If you see two people walking down the street and one has his head up and shoulders back and the other has his head hunched down walking with small, scurrying steps, which one do you think is more likely to be attacked? Which one would YOU attack?
I remember when I was 17 years old and I used to walk the streets of Chicago with my girlfriend who later became my wife. I was a scrawny 147 pounds, and did not have the confidence and training I have now. Guys would actually make remarks and try to talk to her like I was not even there. I have to admit, although I thought I was pretty badass, I did not have the same confidence and training I have now. Some of the thugs on the streets of Chicago were pretty tough. So back to my example, the one with his head up and shoulders back is confident and therefore troublesome for the attacker to get the jump on, while the latter is scared and easy meat for an attacker.

You should maintain your confidence even when confronted. Although some thugs like to stalk their prey, it is more common for the attack to be sudden. This usually occurs if the target is hunched down and scared shitless like my second guy above. If a thug or thugs actually stop you and start with their threats, this means that they have not fully made up their mind whether they want to take you or not. While they don’t know that you are proficient in self-defense techniques just by looking at you, they will be hesitant about attacking you if you stand your ground and show no fear. If they decide to attack, then it is time for you to unleash your bag of self-defense tricks and deliver a can full of whoop ass.

As I emphasized earlier, self-defense tactics don’t just involve methods of injuring your assailant; they should also act as a guide with regards to how you behave when you walk the streets. With just a few subtle changes in your demeanor and body language, you could easily go from being a ‘victim’ to being safe as you travel down the streets.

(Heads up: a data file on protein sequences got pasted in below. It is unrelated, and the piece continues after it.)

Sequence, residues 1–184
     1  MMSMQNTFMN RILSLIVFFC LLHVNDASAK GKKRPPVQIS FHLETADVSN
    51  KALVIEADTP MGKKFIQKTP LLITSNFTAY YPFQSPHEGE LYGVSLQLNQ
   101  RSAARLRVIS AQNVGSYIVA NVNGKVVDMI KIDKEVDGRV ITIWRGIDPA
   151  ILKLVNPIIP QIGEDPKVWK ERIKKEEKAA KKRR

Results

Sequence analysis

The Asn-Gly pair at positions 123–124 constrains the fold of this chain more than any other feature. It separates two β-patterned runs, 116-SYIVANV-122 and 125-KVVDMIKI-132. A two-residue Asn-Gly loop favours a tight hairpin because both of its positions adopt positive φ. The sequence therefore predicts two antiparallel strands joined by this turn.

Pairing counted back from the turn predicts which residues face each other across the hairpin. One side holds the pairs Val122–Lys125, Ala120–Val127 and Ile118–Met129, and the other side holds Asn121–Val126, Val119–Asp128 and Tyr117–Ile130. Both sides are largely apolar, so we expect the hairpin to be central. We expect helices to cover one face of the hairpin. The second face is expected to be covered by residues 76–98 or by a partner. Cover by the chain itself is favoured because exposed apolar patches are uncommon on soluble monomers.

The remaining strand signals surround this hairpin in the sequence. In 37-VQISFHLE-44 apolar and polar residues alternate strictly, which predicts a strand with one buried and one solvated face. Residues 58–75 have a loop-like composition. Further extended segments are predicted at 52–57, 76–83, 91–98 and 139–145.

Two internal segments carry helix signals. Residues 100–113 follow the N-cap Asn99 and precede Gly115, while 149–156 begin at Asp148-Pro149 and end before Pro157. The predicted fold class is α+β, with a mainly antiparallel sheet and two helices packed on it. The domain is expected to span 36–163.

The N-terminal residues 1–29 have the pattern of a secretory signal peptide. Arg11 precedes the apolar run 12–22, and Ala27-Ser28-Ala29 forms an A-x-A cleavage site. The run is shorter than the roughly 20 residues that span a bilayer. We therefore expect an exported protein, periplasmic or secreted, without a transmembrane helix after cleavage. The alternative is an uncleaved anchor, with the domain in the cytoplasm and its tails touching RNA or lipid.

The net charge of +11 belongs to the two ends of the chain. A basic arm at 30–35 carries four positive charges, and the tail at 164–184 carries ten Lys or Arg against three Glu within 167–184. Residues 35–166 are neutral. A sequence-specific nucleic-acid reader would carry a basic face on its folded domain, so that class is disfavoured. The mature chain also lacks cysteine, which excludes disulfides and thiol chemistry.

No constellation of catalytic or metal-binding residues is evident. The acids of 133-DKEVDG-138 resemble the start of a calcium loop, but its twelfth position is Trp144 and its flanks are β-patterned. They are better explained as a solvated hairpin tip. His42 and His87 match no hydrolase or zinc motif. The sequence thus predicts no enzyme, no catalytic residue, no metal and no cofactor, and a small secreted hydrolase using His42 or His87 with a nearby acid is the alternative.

Click here for easy-to-implement self defense instruction & dirty fight tricks from Derek Smith

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35 thoughts on “Self-Defense is Not Just Fighting, You Need Good Tactics Too!”

  1. With all due respect for all there as you all are awesome could you send me what ever fighting gaget or self defense you have on JIM WEST. has made
    I’m 65 bad heart broke hip won’t heal and can’t kick but I can do the fighting frame he does and would love to learn more he is awesome in teaching this type of fight I think I could learn from him thank you

  2. I’ve decided that more of us that can, should “act” vulnerable more often in order to draw out those who would prey on those who are totally unable to defend themselves. I’m 65 and have recently begun to “act” like I”m a bit helpless in the hopes of an attack. I spent most of my life not being a victim, I will continue that approach, although with a different end objective. I encourage others who can to think about that side of it. It’s my opinion that the safety of the few is the responsibility of the “protectors”, all too often we act only to protect ourselves when we could be thinking of those who can’t help themselves. Btw, a lifetime being “safe” can get awfully boring. Strike First!

  3. This was some very good advice. It doesn’t make any difference how tough you are or how tough you think you are, there is always going to be somebody tougher. He may not kick your ass, but he is going to do some serious damage, and the net gain may not be worth the teeth or the stitches. Being situationaly aware will keep you safer than anything else. I have always used the analogy that he uses here about the big guy on the street and the little, inoffensive looking guy. He’s right. Who are the thugs going to pick on? I fall into to the bad-ass category but because of being aware, I haven’t had to use the skills I learned here for a long time.